I have made it very clear to Police that any reduction in spending must not jeopardise the safety of the public and I have received an assurance from the Commissioner that it won't.

Napier police siege

I would like to talk to you now about one of the most difficult times during my past seven months as Minister. That was the shooting of Len Snee in Napier and the wounding of Bruce Miller and Grant Diver.

One of the hardest things a Police Minister will face is the loss of an officer while carrying out their duty.

I was addressing a Blue Light conference in Queenstown when I received the call about the shootings in Napier.

My husband was a police officer for many years. I know the sacrifices police families make in terms of the time officers spend doing a very demanding job, but also the constant concern about the danger.

It takes a special type or person to be a police officer, to step into conflict and put yourself on the line to protect the public.

In the aftermath of the shooting, it was important that I was in Napier where I could provide the police with high-level authorisation should they need it, and to offer support to the injured officers and their families.

Even before the siege ended there were calls for a review of New Zealand’s gun licensing laws and calls for police to be armed.

As Minister, I understand that people who feel shocked and afraid after such an event look for quick solutions. But this is a complex situation, as is New Zealand’s relationship with firearms.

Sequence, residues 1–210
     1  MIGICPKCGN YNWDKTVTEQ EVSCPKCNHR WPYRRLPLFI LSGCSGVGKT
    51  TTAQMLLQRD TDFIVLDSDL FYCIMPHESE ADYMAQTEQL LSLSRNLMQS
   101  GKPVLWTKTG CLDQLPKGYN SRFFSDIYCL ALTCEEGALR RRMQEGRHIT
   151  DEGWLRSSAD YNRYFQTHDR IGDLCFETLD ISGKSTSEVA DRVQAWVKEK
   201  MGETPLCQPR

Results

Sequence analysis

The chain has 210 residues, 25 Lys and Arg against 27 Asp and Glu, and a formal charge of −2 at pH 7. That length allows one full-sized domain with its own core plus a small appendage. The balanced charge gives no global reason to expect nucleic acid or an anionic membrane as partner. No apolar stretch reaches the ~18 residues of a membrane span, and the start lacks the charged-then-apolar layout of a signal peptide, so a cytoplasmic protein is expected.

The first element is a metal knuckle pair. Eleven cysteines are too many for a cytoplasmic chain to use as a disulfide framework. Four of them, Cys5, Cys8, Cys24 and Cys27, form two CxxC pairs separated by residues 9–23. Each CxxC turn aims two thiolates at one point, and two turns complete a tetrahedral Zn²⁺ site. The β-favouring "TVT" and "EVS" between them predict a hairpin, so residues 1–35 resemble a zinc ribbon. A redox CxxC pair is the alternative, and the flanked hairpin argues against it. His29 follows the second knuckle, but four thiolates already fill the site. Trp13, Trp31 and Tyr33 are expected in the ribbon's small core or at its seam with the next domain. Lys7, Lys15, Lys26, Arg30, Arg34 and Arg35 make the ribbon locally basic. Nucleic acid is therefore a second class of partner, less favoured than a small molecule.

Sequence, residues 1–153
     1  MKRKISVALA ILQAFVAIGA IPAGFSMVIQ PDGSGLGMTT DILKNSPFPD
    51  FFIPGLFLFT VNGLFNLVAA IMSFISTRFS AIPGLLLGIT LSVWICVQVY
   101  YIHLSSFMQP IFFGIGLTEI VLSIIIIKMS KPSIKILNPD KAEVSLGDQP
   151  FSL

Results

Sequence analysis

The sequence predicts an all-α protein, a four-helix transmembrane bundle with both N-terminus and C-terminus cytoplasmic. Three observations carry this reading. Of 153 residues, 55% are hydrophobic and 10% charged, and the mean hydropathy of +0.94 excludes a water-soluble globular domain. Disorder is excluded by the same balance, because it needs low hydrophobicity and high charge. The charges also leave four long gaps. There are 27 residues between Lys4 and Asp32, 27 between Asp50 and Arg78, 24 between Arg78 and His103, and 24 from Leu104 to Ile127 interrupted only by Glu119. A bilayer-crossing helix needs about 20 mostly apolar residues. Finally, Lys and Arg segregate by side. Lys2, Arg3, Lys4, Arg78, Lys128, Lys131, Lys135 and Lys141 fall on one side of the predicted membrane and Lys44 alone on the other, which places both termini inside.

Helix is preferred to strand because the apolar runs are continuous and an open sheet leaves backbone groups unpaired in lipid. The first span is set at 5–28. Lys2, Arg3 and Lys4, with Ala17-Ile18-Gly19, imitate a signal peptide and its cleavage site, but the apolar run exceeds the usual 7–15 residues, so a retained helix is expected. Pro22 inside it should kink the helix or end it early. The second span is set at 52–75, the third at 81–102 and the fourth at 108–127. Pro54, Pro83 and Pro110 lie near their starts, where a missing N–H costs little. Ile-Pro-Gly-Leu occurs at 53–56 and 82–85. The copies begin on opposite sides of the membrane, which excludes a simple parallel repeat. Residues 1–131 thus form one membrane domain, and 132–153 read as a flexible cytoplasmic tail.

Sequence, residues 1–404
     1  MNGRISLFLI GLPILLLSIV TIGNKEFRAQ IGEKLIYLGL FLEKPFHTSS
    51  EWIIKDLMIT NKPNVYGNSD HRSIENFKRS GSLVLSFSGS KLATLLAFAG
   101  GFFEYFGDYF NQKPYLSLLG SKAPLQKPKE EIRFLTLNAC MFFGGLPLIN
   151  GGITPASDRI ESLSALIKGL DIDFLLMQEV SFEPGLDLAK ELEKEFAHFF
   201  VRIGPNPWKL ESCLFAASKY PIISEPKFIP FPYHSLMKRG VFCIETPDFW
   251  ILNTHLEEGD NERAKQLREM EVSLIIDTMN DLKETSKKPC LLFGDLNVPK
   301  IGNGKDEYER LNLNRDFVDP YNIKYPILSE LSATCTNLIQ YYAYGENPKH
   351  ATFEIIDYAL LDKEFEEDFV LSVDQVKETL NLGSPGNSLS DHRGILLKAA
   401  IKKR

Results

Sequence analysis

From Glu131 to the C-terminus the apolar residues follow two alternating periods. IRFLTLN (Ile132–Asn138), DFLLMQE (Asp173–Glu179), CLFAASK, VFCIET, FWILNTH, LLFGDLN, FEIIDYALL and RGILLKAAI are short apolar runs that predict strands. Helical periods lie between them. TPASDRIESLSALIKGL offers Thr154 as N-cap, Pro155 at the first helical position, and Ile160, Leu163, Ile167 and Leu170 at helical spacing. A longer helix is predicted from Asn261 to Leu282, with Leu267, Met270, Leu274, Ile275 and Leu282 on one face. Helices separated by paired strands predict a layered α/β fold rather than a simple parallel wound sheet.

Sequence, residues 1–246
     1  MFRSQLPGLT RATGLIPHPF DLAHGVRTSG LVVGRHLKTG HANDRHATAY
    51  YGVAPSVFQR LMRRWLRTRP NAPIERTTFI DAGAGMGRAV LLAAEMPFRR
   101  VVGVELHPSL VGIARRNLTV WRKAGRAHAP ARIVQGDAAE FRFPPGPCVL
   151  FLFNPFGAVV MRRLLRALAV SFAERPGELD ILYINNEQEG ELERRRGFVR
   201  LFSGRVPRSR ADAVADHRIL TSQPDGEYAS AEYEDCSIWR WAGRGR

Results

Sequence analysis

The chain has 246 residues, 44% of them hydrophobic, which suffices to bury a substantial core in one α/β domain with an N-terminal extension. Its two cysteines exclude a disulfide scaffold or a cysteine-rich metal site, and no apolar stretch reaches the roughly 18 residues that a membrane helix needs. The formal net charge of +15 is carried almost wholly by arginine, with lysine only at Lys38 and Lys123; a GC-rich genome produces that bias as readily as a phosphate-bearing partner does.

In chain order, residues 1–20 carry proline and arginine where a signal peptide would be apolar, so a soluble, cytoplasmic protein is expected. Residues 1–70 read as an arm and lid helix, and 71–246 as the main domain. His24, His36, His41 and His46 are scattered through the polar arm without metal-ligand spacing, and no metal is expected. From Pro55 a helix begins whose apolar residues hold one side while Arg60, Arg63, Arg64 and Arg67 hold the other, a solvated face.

What is at stake is a style of policing that I believe is unique in the world. By arming our police, we forever change the relationship between the public and the police.

When this matter has been considered in the past there has been a general view among staff that they shouldn't be routinely armed.

Our police sign up because they want to help people – not shoot them.

I personally don’t believe that armed police are a legacy we need from the Napier tragedy.

Arming police also encourages a culture of greater violence. The death toll will be higher, the respect of the public that is such a vital part of policing in New Zealand will be lower.


This brings me back to the point I made earlier about the relationship between the police and the public.

I believe the greatest skill our police possess is the ability to connect with people, be it in our neighbourhoods or in the jungles of Timor Leste.

Looking forward, this is the quality that we must preserve at all costs. The nature of crime will change, the people the police are charged with protecting will change, the tools the police use will change.

But what won’t change is the expectation from the public of New Zealand that the police are there to look after them.

In the heat-of-day to day policing, it can be easy to forget that the police perform a service to the public.

New Zealanders will continue to give the police their confidence and their trust, but it is not unconditional.

In return they expect police to deliver a service with professionalism, accountability and an overriding focus on the needs of the public.

Thank you.